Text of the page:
What Is A Slotted Screwdriver

by Joost Nusselder | Updated on:  March 15, 2022
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Technically speaking, the first thing you need to know when you want to learn something is what the things are and where they are used. Similarly, working with screws forces a person to learn about the related tools first. And, that’s the situation where the question arises, what is a slotted screwdriver? Once you understand the use of this tool, you have already won a big part of the battle of slotted screw-driving jobs. So, our article today will focus on the essential things of a slotted screwdriver. What-Is-A-Slotted-Screwdriver

What is A Slotted Screwdriver?

A slotted screwdriver is simply identifiable because of its blade-like flat tip. It is the oldest and most commonly used screwdriver to date. As we have already mentioned, this screwdriver is built to fit the flat-designed screws, which come with a single slot. This distinguishing characteristic makes it different from the Phillips head screwdrivers, which have ridges on the side as well as a pointed tip. Not to mention, the slotted screwdriver is also known as a flat-head or flat tip screwdriver. Generally, you will find the slotted screwdriver with an ergonomic grip, ensuring better torque handling and comfortability. Sometimes you may get rust resistance included that allows the screwdriver to fit with the harsh working environments. Besides, many companies are now offering a magnetic tip in the slotted screwdriver. As a result, you can be tension-free to handle the screws more comfortably. The simplicity of design has made this type of screwdriver a vastly used tool in the wood and jewelry industry. Normally, these industries make products that are made by hand, and they are always in need of removing the flathead and single slot screws in their tasks. So, it is obvious that only a slotted screwdriver can perfectly support professionals in that condition. The majority of professionals prefer hand-held screwdrivers over drill-controlled screwdrivers. Because it is almost impossible for a slotted screwdriver to damage screws when tightening or loosening them.

Types of Slotted Screwdrivers

The slotted screwdrivers have little variety in their overall structure. In like manner, you may see a minor change in shapes and sizes in some slotted screwdrivers. Though the handle size can be different for different uses, it doesn’t categorize the screwdriver. However, this screwdriver can fall into two categories only according to its tip. These are keystone and cabinet. Let’s discuss this further below.

Keystone Slotted Screwdriver

Keystone screwdriver comes with a widened blade that is used for larger screws. The blade is narrower on the flattened edge and has a large grip to boost the torque.

Cabinet Slotted Screwdriver

This type of slotted screwdriver comes with straight edges, and the blades have 90-degree angles in their flattened end corners. Usually, the cabinet slotted screwdriver comes in a smaller size than the keystone slotted screwdriver. So, it is the best fit for small single slot screws. That’s the reason why most professionals prefer this type of screwdriver more in the jewelry and watch-making industries. And, the long and cylindrical handle helps to get better torque and strength.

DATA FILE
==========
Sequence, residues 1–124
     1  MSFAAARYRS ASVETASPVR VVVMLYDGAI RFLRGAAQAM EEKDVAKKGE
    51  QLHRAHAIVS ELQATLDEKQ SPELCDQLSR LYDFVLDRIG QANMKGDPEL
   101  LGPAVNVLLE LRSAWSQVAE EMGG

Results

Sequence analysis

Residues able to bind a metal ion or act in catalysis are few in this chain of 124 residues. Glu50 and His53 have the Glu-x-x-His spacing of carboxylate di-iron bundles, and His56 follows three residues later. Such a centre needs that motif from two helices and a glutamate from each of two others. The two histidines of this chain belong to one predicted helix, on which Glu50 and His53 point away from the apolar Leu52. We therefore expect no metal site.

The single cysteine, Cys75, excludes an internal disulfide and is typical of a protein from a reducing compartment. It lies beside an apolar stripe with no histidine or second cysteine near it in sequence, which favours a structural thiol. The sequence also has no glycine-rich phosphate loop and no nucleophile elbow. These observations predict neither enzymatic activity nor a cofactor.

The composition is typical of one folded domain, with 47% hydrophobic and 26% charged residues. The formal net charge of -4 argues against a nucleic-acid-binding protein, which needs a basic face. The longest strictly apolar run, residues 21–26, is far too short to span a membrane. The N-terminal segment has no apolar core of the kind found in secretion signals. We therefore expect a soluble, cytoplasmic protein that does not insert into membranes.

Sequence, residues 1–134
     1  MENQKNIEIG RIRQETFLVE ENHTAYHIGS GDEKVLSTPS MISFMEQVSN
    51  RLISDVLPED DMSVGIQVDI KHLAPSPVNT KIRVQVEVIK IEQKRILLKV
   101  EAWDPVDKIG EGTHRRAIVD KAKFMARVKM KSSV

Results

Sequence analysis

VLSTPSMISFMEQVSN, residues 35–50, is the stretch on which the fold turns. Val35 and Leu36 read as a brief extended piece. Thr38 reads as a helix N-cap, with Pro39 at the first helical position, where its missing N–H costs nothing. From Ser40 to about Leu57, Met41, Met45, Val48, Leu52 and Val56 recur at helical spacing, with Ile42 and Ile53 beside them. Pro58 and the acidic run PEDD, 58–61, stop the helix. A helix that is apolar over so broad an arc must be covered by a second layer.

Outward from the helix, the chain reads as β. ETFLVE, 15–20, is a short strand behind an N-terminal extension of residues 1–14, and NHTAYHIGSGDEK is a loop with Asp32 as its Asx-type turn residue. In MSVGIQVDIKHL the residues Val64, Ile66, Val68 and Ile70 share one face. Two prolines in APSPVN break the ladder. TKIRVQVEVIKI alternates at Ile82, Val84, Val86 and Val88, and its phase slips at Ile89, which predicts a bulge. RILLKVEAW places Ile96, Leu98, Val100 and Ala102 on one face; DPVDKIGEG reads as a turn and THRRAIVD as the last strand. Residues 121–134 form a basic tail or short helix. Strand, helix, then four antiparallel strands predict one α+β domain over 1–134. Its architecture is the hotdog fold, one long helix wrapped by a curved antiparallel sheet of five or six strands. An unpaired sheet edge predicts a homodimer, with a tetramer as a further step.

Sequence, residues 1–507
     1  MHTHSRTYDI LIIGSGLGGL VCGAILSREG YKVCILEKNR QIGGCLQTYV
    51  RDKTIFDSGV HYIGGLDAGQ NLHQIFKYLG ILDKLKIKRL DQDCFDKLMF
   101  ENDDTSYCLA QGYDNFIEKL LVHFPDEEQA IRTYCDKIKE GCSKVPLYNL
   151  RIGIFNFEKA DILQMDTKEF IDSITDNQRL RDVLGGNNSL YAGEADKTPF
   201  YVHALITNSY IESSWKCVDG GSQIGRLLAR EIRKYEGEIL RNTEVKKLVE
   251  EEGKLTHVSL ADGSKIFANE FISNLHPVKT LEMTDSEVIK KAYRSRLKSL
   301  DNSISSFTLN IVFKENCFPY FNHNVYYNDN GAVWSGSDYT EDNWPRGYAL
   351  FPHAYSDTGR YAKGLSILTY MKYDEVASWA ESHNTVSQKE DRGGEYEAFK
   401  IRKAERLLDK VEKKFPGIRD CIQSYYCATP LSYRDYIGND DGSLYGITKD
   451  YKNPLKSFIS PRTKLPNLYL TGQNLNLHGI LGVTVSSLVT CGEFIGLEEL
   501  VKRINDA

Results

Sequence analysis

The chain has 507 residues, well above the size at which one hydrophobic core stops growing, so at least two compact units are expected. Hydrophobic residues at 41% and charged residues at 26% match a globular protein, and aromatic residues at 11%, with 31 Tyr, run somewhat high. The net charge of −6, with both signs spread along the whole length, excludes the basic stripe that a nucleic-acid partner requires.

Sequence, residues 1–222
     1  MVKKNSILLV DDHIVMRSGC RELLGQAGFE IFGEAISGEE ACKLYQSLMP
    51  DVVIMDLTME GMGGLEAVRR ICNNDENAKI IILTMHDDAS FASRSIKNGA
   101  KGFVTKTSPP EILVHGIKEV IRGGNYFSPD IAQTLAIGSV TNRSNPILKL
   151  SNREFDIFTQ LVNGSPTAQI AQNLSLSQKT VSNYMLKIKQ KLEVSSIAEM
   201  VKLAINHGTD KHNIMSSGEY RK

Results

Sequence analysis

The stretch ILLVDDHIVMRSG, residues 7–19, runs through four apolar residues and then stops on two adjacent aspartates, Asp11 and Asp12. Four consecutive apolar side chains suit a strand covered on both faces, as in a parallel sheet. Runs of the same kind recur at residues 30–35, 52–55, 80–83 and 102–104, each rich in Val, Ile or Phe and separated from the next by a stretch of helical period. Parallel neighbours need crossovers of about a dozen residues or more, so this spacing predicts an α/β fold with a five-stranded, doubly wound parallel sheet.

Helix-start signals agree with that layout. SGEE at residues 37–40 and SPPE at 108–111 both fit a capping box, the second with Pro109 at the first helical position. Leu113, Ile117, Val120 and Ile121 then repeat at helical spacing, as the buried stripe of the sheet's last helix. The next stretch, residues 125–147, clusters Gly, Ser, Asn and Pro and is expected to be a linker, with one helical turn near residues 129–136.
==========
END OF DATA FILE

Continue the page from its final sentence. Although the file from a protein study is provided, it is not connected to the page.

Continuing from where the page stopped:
Other Slotted Screwdrivers

Some slotted screwdrivers come with motorized features instead of being handled manually. These screwdrivers work like a drill, and the motor automatically creates torque both clockwise and anticlockwise. Designed with a rechargeable battery inside the screwdriver, you can count it as a convenient and fast processing tool. If we exclude the types mentioned above, there is only one type of slotted screwdriver left. That is the tester screwdriver which is commonly used for electrical tasks. This screwdriver performs some additional tasks, including tightening or loosening the screws as well. Typically, the tester-slotted screwdriver is used to test the current through exposed wires. The metal flat-head tip can be placed in exposed wires or metals that are connected to electricity, and the light in the handle will flicker if a current is present. Amazingly, some tester screwdrivers are made to identify and differentiate whether the current is from the mainline or a grounded line.

How To Effectively Use A Slotted Screwdriver

Though using a slotted screwdriver is a very simple task, sometimes slightly wrong usage of this tool can damage both the screw and the screwdriver. So, it would be better to know how to use it in a more effective way to increase productivity. Here are a few tips to help you.
  • Never use a slotted screwdriver for arduous tasks. Because it is designed for limited fastening with higher torque which is not suitable for big screws and tough jobs.
  • Find the right screwdriver size for your preferred screws. Make sure that the screwdriver tip has the same width matched with the screw slot.
  • Narrower tip means losing power. So, use a screwdriver with a thick tip so that it fits perfectly in the slot for increased strength.
  • A larger handle provides more power to the hand when turning the screw. Therefore, choosing a slotted screwdriver with a large handle is the best decision.


The slotted screwdriver that fits in single slot screws has been a typical standard tool for most professionals for a long time. There are many types of screwdriver head designs. You might find other screwdrivers that specialize in their areas, but this simple and easy slotted screwdriver will be your best friend every day.

I'm Joost Nusselder, the founder of Tools Doctor, content marketer, and dad. I love trying out new equipment, and together with my team I've been creating in-depth blog articles since 2016 to help loyal readers with tools & crafting tips.